Ledig stilling på Universitetet i Oslo
Doctoral Research Fellowship in History
Universitetet i Oslo
The University of Oslo is Norway’s oldest and highest ranked educational and research institution, with 28 000 students and 7000 employees. With its broad range of academic disciplines and internationally recognised research communities, UiO is an important contributor to society.
The Department of archaeology, conservation and history (IAKH) is comprised of three disciplines which in different ways study the past. The department has internationally oriented archaeologists, the only conservation program in Norway and the biggest group of historians in Scandinavia. The department has close to 100 employees, including non-permanent research fellows. The study programs span archaeology from the Stone Age to the Middle Ages, object and paintings conservation, and history from Antiquity to the present age.
Department of Archaeology, Conservation and History
A Doctoral Research Fellowship (SKO 1017) in History is available at the Department of Archaeology, Conservation and History (IAKH), University of Oslo.
The position is associated to the project ClimateCultures: Socionatural entanglements in Little Ice Age in Norway (1500-1800), financed by the Norwegian Research Council (grant number 315441). It asks: what happened the last time Nordic societies encountered rapid climate change? How did climate and culture interact during this Little Ice Age? The interdisciplinary project brings together historians, climatologists, and museum practitioners. It connects the ‘archives of society’ (historical documents/objects) with the ‘archives of nature’ (tree-rings/ice-cores) and disseminates its findings in partnership with museums and Oslo’s new Klimahuset.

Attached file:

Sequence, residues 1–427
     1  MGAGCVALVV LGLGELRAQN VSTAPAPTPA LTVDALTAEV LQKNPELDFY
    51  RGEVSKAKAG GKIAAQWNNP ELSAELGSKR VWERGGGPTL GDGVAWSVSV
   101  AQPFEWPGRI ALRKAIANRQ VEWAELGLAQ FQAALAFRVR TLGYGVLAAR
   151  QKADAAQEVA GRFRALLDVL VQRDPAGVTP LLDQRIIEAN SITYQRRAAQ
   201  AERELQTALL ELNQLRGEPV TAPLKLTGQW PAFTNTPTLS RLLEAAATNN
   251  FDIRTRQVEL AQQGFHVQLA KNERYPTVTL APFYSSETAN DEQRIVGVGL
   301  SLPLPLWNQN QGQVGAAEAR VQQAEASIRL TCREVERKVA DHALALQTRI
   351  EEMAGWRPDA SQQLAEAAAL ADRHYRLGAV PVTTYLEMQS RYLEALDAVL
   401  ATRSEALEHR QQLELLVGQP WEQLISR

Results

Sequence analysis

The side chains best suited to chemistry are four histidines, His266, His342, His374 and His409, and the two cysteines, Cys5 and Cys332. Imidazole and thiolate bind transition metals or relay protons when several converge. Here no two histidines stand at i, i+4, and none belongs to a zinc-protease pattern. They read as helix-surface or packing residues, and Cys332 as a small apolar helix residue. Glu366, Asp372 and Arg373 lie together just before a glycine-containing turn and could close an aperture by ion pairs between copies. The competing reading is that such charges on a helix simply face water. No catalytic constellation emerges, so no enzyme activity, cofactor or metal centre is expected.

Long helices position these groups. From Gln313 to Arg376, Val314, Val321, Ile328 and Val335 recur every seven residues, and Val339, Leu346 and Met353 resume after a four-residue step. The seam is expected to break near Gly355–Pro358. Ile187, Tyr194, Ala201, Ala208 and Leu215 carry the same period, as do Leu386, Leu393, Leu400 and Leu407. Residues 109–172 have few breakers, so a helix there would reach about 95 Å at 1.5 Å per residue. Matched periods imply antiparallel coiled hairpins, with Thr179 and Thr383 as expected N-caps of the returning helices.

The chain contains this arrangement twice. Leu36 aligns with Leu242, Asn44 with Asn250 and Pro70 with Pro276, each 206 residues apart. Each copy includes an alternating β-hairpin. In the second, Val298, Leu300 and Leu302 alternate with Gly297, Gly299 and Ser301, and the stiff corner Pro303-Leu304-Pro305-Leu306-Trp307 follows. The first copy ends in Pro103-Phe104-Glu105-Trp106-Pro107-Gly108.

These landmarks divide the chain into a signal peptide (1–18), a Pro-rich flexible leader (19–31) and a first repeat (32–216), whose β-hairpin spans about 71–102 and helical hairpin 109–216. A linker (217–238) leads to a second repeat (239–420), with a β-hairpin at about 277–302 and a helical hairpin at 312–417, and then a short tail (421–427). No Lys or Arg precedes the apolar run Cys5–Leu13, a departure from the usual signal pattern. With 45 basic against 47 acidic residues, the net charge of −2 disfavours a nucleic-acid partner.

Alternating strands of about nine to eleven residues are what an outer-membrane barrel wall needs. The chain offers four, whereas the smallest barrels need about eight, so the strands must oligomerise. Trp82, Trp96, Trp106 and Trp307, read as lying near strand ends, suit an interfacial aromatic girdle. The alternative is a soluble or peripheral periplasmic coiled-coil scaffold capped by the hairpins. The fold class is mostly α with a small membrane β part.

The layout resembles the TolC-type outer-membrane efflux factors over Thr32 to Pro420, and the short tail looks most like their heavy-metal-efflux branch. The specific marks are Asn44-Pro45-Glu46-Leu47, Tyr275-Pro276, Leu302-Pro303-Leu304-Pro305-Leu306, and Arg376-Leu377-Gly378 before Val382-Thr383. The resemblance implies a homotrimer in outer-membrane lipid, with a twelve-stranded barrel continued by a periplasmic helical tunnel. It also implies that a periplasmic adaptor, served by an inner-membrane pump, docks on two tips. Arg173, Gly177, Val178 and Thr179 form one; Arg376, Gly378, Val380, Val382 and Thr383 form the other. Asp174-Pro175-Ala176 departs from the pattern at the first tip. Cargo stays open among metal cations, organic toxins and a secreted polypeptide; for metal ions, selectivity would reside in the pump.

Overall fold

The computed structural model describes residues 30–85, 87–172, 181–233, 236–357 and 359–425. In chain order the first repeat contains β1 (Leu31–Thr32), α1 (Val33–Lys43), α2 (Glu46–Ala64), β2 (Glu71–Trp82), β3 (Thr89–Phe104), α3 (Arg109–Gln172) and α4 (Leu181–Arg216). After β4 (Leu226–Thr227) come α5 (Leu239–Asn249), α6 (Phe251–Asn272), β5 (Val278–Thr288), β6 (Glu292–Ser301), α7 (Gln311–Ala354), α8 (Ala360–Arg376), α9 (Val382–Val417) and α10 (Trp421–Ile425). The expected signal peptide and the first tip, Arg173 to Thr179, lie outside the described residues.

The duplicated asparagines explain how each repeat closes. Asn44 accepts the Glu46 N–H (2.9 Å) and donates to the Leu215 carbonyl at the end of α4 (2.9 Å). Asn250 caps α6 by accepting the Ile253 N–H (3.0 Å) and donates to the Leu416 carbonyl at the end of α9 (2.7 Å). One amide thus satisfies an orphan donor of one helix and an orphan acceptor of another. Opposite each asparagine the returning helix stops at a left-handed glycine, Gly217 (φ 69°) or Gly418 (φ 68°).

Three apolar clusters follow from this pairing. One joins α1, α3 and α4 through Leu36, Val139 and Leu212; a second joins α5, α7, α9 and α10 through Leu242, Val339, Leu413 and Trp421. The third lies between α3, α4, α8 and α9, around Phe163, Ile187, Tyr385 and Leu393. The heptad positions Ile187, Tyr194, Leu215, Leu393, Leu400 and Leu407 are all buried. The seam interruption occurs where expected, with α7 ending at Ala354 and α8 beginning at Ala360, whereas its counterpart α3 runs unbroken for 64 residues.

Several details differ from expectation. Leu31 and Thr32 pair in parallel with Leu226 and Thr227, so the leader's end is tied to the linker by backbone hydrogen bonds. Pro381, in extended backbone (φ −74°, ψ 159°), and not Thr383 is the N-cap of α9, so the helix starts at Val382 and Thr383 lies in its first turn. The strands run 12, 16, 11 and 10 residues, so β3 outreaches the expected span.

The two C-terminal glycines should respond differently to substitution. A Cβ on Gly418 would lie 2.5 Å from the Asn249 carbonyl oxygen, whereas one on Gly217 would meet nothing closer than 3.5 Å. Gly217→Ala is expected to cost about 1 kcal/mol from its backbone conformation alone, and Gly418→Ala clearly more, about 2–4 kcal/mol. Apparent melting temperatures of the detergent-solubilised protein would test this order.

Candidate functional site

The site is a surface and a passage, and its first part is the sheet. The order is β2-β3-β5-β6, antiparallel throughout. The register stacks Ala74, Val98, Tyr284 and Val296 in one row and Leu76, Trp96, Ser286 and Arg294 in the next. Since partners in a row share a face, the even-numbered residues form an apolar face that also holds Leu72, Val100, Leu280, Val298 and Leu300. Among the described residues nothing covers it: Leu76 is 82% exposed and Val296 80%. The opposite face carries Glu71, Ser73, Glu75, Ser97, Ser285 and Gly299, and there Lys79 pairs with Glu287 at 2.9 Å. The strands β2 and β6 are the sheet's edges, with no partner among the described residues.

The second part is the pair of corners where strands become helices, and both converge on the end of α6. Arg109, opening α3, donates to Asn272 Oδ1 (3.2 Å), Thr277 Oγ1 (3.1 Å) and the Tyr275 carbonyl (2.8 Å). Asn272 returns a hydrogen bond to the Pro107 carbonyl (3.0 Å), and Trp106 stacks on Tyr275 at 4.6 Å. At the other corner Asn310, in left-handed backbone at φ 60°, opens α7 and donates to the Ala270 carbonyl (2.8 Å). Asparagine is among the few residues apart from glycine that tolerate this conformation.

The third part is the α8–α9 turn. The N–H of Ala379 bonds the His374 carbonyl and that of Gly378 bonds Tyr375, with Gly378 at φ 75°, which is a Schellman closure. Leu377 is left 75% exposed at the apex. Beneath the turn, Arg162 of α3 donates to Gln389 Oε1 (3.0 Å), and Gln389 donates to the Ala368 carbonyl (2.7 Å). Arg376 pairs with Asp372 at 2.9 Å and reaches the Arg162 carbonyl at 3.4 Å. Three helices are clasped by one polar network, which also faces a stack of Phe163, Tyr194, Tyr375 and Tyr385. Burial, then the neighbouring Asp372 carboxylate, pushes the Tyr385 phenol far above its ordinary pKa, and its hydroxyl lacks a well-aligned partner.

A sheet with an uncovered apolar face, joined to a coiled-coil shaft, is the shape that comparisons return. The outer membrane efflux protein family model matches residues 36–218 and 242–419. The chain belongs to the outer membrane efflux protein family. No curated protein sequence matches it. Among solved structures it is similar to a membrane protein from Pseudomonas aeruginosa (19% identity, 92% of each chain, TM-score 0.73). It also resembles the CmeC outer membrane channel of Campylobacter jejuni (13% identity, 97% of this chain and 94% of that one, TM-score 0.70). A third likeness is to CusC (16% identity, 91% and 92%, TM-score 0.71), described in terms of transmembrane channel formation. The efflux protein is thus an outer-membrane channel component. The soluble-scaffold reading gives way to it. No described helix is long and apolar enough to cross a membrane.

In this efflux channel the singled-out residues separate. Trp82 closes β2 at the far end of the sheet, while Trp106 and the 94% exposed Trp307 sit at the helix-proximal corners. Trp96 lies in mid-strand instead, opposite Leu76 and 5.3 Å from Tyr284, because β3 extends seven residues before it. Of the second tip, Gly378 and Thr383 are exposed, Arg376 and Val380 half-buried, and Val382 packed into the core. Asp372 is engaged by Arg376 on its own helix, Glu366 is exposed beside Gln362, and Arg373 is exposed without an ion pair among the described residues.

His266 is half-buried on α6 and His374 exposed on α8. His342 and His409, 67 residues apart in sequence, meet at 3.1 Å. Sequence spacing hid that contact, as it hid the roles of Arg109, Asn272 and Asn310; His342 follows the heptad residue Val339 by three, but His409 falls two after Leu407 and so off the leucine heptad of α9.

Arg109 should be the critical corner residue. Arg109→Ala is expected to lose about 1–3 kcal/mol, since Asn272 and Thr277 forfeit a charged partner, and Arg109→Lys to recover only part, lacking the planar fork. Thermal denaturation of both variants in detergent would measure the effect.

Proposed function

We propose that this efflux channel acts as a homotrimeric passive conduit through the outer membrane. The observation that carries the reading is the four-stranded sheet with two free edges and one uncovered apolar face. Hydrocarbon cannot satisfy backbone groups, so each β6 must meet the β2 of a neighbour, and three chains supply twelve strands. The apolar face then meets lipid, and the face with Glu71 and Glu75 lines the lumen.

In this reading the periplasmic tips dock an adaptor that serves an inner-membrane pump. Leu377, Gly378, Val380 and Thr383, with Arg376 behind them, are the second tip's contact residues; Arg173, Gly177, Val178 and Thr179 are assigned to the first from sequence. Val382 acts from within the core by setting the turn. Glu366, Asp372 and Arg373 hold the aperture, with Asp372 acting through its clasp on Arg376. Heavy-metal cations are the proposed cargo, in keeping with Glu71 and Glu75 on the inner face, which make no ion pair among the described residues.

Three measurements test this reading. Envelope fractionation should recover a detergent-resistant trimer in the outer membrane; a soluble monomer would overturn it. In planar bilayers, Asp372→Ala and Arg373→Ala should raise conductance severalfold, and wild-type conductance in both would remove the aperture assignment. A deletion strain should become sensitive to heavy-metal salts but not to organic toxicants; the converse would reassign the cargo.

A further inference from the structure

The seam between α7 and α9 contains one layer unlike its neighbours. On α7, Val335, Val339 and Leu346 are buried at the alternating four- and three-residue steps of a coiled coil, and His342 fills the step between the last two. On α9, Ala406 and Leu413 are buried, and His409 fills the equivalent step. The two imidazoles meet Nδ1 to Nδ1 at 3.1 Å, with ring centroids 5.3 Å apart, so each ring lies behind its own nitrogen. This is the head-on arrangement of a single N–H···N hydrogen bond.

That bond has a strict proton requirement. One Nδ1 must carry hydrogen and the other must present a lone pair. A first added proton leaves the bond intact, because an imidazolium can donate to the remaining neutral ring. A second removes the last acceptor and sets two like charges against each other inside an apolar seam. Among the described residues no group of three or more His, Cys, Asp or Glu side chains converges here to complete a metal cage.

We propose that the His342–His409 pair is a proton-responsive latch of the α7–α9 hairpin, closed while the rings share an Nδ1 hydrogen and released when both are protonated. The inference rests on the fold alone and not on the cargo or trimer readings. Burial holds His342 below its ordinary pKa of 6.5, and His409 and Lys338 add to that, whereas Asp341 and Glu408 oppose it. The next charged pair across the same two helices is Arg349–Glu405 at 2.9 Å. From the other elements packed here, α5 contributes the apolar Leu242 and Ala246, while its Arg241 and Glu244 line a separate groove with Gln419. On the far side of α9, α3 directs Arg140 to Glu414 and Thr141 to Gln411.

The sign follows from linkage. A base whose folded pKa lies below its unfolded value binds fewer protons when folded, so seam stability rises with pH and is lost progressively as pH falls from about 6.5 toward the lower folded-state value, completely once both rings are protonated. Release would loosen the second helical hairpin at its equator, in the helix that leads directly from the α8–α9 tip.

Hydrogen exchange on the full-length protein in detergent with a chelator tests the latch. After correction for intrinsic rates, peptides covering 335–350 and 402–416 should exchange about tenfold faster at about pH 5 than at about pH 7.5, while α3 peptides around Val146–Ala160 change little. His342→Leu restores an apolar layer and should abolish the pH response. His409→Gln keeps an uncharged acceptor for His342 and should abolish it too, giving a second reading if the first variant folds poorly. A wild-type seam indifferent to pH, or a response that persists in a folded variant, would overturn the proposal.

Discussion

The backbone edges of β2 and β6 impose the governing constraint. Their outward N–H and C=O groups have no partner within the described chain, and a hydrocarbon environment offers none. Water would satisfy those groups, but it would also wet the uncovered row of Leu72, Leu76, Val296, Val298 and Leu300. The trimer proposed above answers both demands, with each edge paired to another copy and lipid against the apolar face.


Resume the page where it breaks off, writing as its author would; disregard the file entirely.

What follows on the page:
The doctoral research fellowship at the University of Oslo will focus on the historical part of the research. The successful candidate needs to research societal responses in Norway to the Little Ice Age (1500-1800). The work must be based on historical sources and objects from archives, libraries, and museums in the Nordic countries. The project should draw on the approaches of environmental history, historical climatology and material culture studies. Particular attention should be payed to extreme events (such as the 1630s, 1740s or 1770s).
The researcher will be expected to cooperate closely with the other participants in the project. This includes participation in meetings, workshops and conferences. The researcher will be based in Oslo with an expected start date of January 2022.
More about the position
The person appointed will be part of the Faculty’s organized research training and the Norwegian Graduate School in History. The academic work is to result in a doctoral thesis that will be defended at the Faculty with a view to obtaining the degree of PhD. The successful candidate is expected to join the existing research milieu or network and contribute to its development. Read more about the doctoral degree.
The appointment is for a duration of 3 years. All PhD Candidates who submit their doctoral dissertation for assessment with a written recommendation from their supervisor within 3years or 3 ½ years after the start of their PhD position, will be offered, respectively, a 12 or 6 month Completion Grant.